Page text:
Curious minke whale makes a rare offshore appearance

Published October 20, 2014 in the “Ocean Watch” column, Honolulu Star-Advertiser ©2014 Susan Scott

Pacific Ocean, 22 degrees South, 163 degrees East » After sailing thousands of miles through the tropical Pacific, I’m no longer surprised by how few whales and dolphins appear offshore. It makes sense because warm water contains fewer nutrients than cold and therefore supports less life.

Even so. Marine mammals do live in and transit these balmy waters, and it’s a bit disappointing to sail offshore year after year and never once see a fin, fluke or blow.

My dry spell is now broken. About a third through our 800-mile passage from New Caledonia to Australia, where the Coral Sea meets the Southern Ocean, Honu had a distinguished visitor.

One day, as I lay in the cockpit looking back, Craig, looking forward, shouted, “Dolphin off the bow! Or maybe it’s a whale.”

We jumped up to see on the surface a classic whale “footprint,” an unmistakable swirl of flat water caused by a large animal’s dive.

As we stood on the deck, a minute later the creature appeared again near the starboard side of the boat. It was clearly a whale, smaller than a humpback or fin but larger than a pilot. The animal’s breath made a gentle whoosh, but no spray came from its blowholes.

While we were still gaping, the black, smooth-skinned back cut the water, this time behind the boat. Moments later the whale appeared on our port side. There was no doubt about it. This marine mammal was circling Honu and checking us out.

I raced to fetch my camera. Too late. Swimming around the boat once had satisfied the creature’s curiosity, and it disappeared in the deep without a trace.

A photo is the only way to be sure of a species, but lacking that, I think I know the identity of our whale because it so precisely fits the description in my books. Our distinguished guest was a minke whale.


Minke Whale – public domain photo from NOAA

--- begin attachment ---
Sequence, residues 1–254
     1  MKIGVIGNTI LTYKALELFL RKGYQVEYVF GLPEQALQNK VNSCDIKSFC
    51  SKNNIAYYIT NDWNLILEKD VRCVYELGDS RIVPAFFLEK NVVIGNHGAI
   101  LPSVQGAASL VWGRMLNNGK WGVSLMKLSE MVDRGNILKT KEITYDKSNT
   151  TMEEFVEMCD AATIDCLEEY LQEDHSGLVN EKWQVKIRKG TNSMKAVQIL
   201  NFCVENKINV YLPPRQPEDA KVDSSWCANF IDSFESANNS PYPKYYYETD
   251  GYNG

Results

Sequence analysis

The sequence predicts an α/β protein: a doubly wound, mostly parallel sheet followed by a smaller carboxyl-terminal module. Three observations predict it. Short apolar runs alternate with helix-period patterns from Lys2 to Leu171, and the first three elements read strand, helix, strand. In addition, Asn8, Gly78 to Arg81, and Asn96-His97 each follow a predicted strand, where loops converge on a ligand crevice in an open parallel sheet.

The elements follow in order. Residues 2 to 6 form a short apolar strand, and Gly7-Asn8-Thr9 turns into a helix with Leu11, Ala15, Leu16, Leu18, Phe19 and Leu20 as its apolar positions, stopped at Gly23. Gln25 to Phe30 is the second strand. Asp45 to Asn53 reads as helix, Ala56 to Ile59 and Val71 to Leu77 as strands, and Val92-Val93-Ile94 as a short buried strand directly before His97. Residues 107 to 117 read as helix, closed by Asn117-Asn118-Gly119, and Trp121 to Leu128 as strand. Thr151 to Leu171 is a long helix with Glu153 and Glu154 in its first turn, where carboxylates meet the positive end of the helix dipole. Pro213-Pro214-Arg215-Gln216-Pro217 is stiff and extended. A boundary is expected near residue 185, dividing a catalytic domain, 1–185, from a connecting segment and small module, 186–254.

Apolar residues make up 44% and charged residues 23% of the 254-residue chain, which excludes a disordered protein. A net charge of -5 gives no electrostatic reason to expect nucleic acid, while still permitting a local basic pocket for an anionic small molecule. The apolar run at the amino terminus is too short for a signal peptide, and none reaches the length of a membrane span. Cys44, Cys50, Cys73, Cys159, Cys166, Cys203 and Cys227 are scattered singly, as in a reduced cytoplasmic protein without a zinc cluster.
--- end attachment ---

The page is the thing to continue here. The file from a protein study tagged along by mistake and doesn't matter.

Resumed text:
The minke, pronounced MINK-ee, gets its odd name from the men who once hunted whales. The story goes that a novice whaler, Meincke, shouted out sightings of the little whale at a time the species was considered too small to be worth the effort of harpooning and hauling aboard. The other sailors mockingly gave the species the man’s name.

The minke is the sport model of the baleen whales, being sleek, fast and having a distinctly pointed snout. The species name, acutorostrata, means sharp snout.

At an average of 27 feet long, minkes are also the smallest of their baleen relatives and the most abundant. Like all baleen whales, minkes strain the water for krill and small fish.

Minke whales rarely make a visible blow — check — and usually travel singly throughout every ocean in the world. Yep.

But what finalized my guess of minke is that the species is well known for suddenly, without warning, appearing alongside boats, much to the surprise and delight of the people aboard.

A great big affirmative.

Its curiosity satisfied, the minke then swiftly vanishes. Right. Farewell, sweet whale. Your call meant the world to me.

New Caledonia and Australia each claim to have the longest coral reef in the world. But who cares? I’m just happy to be sailing between them.

Marine biologist Susan Scott writes the newspaper column, “Ocean
Watch”, for the Honolulu Star-Advertiser,

©2014 Susan Scott